Dark net black markets are taking a leaf out of many legit companies' book and turning to bounty hunters to find security flaws in their systems. Hansa Market is one of them. According to CyberScoop, the marketplace, which brought in $3 million last year, has launched a bug bounty program offering rewards worth up to 10 BTC or around $10,000. Considering marketplaces like Hansa sell drugs, illegal firearms, log-ins and other data, the websites likely want to amp up their security measures to protect their sellers from law enforcement. They also likely want to protect all the log-in/password dumps and other data for sale from other hackers who might break into their system to steal them.
There are several companies in India ideal to work with for data science and machine learning. These companies take pride in their target industry, work culture, friendly working environment and different programs to expose employees to various projects, thus ensuring career growth. Here are the Top 30 in the list in no particular order. This company, with more than 200 data scientists, has an impact-oriented approach, which further develops the skills of their scientists. It lets them engage in managing the business to further understand the problems and provide better solutions.
When AlphaBay, the world's largest dark web bazaar, went offline two weeks ago, it threw the darknet into chaos as its buyers and sellers scrambled to find new venues. What those dark web users didn't--and couldn't--know: That chaos was planned. Dutch authorities had already seized Hansa, another another major dark web market, the previous month. For weeks, they operated it as usual, quietly logging the user names, passwords, and activities of its visitors–including a massive influx of Alphabay refugees. On Thursday, Europol and the US Department of Justice jointly announced the fruits of a largest-ever sting operation against the dark web's black markets, including the seizure of AlphaBay, a market Europol estimates generated more than a billion dollars in sales of drugs, stolen data, and other illegal goods over its three years online.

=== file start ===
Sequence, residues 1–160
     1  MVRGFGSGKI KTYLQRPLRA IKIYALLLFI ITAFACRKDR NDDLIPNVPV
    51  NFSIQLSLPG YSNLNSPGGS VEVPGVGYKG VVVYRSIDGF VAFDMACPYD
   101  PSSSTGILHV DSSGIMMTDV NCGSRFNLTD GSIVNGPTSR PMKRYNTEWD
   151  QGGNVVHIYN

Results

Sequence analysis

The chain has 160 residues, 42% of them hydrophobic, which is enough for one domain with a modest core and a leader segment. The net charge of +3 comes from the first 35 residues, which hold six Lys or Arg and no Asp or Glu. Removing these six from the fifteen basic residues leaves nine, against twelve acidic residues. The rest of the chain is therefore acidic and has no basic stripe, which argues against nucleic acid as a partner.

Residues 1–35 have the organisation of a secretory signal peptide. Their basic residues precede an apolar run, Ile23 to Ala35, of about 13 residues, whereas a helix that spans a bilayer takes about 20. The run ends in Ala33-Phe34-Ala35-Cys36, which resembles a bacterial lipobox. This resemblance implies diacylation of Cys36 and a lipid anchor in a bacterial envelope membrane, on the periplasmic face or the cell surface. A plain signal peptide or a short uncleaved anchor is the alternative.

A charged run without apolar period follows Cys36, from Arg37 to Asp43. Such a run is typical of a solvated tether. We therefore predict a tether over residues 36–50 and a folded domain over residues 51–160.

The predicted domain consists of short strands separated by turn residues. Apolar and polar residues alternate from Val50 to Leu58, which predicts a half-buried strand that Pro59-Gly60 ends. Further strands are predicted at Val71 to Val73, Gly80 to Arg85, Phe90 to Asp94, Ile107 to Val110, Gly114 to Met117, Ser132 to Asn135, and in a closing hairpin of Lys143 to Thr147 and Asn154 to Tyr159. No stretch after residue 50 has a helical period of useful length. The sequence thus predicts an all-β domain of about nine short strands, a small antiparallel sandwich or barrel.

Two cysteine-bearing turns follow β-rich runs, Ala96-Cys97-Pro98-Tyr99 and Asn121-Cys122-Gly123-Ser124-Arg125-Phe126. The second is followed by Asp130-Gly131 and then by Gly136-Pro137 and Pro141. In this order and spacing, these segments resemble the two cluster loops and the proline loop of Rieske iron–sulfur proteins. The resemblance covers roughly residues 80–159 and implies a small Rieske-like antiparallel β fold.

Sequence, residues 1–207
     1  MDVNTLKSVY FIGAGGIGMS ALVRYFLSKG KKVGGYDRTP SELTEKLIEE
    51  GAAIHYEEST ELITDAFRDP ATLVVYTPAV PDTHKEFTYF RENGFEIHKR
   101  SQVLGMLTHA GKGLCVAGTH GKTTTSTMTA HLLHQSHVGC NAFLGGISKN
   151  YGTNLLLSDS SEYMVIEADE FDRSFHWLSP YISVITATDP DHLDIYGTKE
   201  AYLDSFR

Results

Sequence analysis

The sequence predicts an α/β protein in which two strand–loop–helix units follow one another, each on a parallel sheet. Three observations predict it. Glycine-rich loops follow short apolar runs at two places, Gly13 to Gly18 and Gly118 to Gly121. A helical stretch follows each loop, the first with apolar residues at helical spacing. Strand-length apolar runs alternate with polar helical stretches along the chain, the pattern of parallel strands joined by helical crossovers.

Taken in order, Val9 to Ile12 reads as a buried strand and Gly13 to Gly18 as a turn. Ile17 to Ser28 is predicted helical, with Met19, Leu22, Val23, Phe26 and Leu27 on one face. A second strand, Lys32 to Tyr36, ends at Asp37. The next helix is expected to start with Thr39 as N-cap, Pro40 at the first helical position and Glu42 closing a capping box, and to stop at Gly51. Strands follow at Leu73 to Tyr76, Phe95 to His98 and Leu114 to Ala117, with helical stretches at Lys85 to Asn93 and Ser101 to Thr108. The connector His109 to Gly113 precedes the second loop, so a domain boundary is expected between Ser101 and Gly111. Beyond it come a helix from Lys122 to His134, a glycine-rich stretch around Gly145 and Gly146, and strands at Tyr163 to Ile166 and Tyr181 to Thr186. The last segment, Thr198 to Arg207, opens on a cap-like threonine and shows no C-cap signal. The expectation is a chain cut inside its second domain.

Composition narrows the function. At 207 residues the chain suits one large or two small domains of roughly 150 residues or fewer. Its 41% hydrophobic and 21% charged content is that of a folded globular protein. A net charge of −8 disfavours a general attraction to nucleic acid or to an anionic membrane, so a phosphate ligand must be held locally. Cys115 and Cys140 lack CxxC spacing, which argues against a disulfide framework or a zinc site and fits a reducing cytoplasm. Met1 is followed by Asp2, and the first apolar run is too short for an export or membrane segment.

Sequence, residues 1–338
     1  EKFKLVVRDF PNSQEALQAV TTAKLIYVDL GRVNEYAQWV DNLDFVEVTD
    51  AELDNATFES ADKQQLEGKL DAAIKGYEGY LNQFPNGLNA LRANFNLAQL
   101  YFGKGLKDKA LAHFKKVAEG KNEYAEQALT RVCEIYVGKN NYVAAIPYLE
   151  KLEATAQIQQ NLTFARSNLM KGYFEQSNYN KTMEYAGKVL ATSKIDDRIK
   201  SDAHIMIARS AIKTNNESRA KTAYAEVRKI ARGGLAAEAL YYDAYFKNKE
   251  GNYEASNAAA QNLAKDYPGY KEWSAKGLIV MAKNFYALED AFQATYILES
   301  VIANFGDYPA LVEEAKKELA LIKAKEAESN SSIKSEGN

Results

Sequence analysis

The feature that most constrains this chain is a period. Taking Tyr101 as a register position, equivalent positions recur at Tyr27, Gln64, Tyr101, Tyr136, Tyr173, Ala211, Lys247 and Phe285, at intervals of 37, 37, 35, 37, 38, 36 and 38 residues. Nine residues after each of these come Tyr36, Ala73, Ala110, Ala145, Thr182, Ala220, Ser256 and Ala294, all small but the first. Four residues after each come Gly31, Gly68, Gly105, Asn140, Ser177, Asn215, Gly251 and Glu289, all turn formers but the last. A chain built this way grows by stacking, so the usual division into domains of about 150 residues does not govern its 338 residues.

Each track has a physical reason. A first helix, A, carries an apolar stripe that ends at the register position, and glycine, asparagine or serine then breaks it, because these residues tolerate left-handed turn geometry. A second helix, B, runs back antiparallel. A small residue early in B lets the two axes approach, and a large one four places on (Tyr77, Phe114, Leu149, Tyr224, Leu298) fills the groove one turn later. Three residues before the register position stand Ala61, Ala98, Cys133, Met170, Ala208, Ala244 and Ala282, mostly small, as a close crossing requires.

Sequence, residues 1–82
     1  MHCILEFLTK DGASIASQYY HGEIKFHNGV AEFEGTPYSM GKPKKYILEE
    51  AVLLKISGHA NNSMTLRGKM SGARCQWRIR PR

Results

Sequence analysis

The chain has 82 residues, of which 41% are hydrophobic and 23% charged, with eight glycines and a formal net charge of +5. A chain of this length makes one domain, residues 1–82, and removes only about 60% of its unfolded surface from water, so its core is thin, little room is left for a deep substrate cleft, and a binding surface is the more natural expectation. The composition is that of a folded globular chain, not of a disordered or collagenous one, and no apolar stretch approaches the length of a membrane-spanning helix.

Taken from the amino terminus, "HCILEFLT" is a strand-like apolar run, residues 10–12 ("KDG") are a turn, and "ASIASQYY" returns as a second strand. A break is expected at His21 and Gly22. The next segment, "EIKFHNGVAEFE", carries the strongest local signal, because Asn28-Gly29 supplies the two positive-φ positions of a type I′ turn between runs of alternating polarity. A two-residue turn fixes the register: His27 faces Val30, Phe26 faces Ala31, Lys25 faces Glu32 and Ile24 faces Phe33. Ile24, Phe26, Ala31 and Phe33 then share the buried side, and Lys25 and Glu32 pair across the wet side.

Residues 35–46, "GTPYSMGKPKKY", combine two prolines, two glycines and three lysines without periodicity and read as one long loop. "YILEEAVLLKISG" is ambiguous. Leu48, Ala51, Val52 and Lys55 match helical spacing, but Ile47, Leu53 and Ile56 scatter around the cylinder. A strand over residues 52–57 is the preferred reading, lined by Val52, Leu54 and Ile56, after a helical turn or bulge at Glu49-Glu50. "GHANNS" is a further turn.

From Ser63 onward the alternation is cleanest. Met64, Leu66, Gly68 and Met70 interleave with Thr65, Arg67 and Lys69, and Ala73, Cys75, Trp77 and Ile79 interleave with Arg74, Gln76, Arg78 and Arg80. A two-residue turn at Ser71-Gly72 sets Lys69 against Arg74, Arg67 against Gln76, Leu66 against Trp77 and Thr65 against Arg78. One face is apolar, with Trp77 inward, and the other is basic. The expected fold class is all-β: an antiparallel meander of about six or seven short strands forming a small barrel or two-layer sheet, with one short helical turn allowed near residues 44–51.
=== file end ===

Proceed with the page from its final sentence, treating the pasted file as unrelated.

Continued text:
Sensors, controls, and network connectivity are now economically viable for ordinary products, not just high-value products. Every "thing" with an on-off switch can be reimagined as a smart, connected device. IoT assumes that analysis of sensor data streams, not direct display, is more useful and cost-effective. The "thing"--say, a machine--is connected to the internet so that its sensor readings and their results after analysis can be accessed by any other authorized internet-connected device. This can be a smartphone or tablet on the other side of the world, or an AI system learning how to operate the machine.